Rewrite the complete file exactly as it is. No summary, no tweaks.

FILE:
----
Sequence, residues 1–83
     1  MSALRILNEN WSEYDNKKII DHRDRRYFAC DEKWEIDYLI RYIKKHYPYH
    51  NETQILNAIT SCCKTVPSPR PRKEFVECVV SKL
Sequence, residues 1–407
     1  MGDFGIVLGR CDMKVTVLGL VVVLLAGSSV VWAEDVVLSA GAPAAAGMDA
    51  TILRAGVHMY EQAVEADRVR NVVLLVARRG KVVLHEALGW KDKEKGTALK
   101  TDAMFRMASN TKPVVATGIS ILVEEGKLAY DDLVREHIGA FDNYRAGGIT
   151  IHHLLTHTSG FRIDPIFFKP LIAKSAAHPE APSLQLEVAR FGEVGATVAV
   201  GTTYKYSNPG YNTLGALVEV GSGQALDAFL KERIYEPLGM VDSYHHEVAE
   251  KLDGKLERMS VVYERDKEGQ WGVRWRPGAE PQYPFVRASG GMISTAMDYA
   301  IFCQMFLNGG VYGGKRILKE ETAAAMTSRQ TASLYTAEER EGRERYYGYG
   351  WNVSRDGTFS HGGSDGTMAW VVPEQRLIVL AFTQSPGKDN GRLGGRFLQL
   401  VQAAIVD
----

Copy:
Sequence, residues 1–83
     1  MSALRILNEN WSEYDNKKII DHRDRRYFAC DEKWEIDYLI RYIKKHYPYH
    51  NETQILNAIT SCCKTVPSPR PRKEFVECVV SKL
Sequence, residues 1–407
     1  MGDFGIVLGR CDMKVTVLGL VVVLLAGSSV VWAEDVVLSA GAPAAAGMDA
    51  TILRAGVHMY EQAVEADRVR NVVLLVARRG KVVLHEALGW KDKEKGTALK
   101  TDAMFRMASN TKPVVATGIS ILVEEGKLAY DDLVREHIGA FDNYRAGGIT
   151  IHHLLTHTSG FRIDPIFFKP LIAKSAAHPE APSLQLEVAR FGEVGATVAV
   201  GTTYKYSNPG YNTLGALVEV GSGQALDAFL KERIYEPLGM VDSYHHEVAE
   251  KLDGKLERMS VVYERDKEGQ WGVRWRPGAE PQYPFVRASG GMISTAMDYA
   301  IFCQMFLNGG VYGGKRILKE ETAAAMTSRQ TASLYTAEER EGRERYYGYG
   351  WNVSRDGTFS HGGSDGTMAW VVPEQRLIVL AFTQSPGKDN GRLGGRFLQL
   401  VQAAIVD